A federal judge and jury are scheduled to hear arguments next month that should put an end to a several-year dispute between the city of Davenport and the owner of Chorus Line strip club.
The case so far has cost the city more than $80,000 in legal fees, records show, which does not include the in-house legal representation the city used during hearings in state court.
In the latest ruling, a federal judge said the city of Davenport and co-defendant Craig Malin, city administrator, violated the club owner’s due-process rights when the city refused to allow the cabaret to continue operating after a new owner took over in 2009. In his Aug. 2 ruling, Judge Robert W. Pratt said the city is liable for damages, or loss of profits, incurred during the yearlong closure of Chorus Line.
A jury is expected to hear arguments in the case, beginning Sept. 16, and possibly award damages to the cabaret owner.
Among other rulings related to the case, Pratt said he will use the five days set aside for the case to rule on whether the city committed civil contempt by failing to comply with a consent decree that granted Chorus Line the right to operate in the first place. The 2004 consent decree gave the cabaret the right to legally operate, even if it switched ownership. The business did, in fact, change ownership, but city officials said the license had been transferred to a neighboring adult business, and Chorus Line was forced to close.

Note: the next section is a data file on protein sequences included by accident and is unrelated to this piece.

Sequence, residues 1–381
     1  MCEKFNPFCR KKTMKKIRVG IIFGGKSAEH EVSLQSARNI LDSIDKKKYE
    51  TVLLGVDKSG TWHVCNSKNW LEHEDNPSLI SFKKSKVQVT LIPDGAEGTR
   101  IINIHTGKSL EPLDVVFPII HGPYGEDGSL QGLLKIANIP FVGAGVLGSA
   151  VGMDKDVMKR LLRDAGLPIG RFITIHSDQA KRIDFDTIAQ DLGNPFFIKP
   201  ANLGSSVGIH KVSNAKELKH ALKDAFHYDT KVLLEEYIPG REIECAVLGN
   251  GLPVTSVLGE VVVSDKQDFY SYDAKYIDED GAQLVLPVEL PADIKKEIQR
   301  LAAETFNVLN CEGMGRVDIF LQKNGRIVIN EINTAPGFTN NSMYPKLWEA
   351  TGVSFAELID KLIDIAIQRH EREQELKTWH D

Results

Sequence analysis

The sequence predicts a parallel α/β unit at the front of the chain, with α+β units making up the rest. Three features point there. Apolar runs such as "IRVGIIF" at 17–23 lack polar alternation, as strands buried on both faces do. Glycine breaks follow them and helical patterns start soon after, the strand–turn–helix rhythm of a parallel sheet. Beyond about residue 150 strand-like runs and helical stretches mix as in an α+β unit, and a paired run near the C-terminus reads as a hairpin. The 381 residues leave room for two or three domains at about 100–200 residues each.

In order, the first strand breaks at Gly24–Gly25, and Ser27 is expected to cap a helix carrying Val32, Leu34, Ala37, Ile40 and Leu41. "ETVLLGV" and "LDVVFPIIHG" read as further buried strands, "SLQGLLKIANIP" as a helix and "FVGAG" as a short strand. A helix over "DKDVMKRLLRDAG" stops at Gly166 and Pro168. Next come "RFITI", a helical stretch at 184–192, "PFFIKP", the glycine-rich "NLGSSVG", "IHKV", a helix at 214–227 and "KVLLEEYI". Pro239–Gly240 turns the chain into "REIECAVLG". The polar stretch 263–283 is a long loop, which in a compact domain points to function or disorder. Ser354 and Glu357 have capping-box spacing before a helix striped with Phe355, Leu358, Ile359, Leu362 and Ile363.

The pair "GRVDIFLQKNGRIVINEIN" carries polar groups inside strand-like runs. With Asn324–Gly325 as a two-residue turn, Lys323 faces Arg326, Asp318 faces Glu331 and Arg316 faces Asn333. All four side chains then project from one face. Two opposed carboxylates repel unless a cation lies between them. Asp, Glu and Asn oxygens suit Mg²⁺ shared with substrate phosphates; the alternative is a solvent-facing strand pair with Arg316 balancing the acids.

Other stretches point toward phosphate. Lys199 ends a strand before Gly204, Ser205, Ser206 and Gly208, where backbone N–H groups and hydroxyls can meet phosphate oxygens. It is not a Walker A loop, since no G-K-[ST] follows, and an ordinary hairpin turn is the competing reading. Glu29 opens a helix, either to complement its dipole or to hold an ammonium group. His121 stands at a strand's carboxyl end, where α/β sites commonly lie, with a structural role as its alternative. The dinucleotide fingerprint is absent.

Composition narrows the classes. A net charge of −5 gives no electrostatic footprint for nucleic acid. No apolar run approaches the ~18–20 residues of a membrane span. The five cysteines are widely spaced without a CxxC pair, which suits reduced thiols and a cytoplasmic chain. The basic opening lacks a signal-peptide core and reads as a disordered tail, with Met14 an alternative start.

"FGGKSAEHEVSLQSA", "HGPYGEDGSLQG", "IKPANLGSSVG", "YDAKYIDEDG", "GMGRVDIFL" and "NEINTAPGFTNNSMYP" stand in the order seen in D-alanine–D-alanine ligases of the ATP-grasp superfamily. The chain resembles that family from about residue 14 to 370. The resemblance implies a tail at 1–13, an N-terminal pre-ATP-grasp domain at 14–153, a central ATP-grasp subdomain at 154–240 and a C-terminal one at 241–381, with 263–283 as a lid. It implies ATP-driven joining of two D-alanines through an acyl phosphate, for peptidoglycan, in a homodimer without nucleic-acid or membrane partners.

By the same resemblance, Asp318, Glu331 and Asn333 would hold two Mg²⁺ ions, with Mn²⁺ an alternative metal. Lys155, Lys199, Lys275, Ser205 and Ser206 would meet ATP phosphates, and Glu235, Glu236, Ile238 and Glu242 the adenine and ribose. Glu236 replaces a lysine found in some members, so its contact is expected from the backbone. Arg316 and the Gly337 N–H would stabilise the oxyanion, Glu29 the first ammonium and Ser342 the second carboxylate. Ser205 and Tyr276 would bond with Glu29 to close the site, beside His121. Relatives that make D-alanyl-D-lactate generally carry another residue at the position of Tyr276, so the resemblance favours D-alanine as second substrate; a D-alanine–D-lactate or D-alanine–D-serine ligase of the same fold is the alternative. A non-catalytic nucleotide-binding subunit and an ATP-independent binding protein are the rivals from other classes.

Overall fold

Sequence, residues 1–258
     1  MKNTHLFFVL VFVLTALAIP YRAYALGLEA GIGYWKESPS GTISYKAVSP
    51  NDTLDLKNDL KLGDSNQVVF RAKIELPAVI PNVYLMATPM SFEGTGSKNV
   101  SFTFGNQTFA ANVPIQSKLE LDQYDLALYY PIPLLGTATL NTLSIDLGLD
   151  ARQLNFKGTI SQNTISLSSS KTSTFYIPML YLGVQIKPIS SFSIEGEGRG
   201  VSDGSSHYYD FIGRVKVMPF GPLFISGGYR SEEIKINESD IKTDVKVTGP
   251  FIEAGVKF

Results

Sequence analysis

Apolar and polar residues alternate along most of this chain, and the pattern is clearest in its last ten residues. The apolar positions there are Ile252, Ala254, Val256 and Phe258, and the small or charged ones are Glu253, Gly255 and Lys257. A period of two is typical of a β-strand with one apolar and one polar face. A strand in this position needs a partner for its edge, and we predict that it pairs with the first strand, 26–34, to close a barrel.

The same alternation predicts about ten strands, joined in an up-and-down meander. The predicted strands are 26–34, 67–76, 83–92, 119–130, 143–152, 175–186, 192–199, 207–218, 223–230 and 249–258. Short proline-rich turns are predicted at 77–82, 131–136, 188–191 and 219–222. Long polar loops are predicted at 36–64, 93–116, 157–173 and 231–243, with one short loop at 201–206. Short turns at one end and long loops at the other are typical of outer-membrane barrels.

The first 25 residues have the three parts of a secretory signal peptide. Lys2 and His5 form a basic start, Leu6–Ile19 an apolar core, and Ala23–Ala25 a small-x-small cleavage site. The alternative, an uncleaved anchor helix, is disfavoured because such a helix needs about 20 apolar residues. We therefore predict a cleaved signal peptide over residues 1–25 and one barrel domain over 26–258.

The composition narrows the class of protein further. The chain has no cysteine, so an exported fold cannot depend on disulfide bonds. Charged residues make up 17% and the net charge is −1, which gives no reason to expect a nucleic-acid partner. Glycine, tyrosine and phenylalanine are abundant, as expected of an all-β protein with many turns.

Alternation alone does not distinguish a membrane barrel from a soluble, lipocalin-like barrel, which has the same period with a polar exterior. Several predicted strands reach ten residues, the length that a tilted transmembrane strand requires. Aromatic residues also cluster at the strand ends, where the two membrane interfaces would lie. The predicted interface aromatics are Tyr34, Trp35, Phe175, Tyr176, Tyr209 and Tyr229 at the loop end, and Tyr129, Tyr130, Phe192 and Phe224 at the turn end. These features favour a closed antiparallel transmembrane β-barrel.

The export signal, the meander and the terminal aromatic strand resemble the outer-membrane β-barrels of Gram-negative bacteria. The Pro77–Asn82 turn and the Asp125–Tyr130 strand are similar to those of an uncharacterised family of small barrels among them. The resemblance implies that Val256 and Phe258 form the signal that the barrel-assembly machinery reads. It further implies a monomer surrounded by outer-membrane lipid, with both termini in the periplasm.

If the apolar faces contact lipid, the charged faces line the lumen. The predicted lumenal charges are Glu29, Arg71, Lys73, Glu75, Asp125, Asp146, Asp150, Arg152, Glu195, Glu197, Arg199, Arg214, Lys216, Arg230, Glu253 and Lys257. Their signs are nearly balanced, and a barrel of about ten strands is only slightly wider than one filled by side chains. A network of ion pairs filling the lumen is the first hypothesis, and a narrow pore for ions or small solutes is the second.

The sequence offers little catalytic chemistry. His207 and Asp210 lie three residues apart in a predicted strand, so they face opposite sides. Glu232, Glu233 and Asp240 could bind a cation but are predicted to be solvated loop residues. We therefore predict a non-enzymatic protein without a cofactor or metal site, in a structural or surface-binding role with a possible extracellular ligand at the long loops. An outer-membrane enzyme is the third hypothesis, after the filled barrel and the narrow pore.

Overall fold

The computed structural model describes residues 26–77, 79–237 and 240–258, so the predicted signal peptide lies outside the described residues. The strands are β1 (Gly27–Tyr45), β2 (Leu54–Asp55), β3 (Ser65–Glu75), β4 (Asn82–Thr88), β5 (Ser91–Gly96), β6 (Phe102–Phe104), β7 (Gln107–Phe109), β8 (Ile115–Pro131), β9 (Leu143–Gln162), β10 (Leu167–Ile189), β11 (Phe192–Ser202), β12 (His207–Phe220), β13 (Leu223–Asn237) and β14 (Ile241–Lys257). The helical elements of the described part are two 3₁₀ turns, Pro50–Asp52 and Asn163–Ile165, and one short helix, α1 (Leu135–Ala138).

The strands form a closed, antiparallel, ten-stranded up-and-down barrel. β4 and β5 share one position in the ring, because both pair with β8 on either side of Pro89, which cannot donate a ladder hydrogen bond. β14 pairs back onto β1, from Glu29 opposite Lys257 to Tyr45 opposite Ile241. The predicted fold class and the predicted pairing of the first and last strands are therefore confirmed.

The neighboring business, Dr. John’s Lingerie, however, was operating on a retail license, not an adult-business license.
If the city and Malin are found in contempt, the judge could issue sanctions ranging from a fine to a simple admonishment.
Also in September, Pratt must determine the amount in attorney fees owed Chorus Line by the city. Records show the city has been billed $80,971 by Davenport law firm Lane & Waterman for representation during the federal case that began two years ago.
The Chorus Line’s attorney, Mike Meloy, said he is working on a set of figures to present in court, regarding the losses his client will claim for the period in which the cabaret license was withheld.
He said the Chorus Line’s biggest victory in the recent rulings is the judge’s finding that the city violated the strip-club owner’s right to due process, declaring the city legally liable for any damages.
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“The ruling eliminates that issue at trial,” Meloy said. “In September, we’ll go right to the amount of damages.”
The city’s attorney, Rand Wonio, said his clients were pleased with parts of Pratt’s ruling and may appeal others.
“The city strongly contests C. Line’s lost-profit claims,” he said of possible damage-amount claims. “A certified public accountant has audited C. Line’s business records and found that there was missing information, especially expenses and sales tax payment records.”
Asked how much his client lost in profits, Meloy said, “We’re working on that right now.”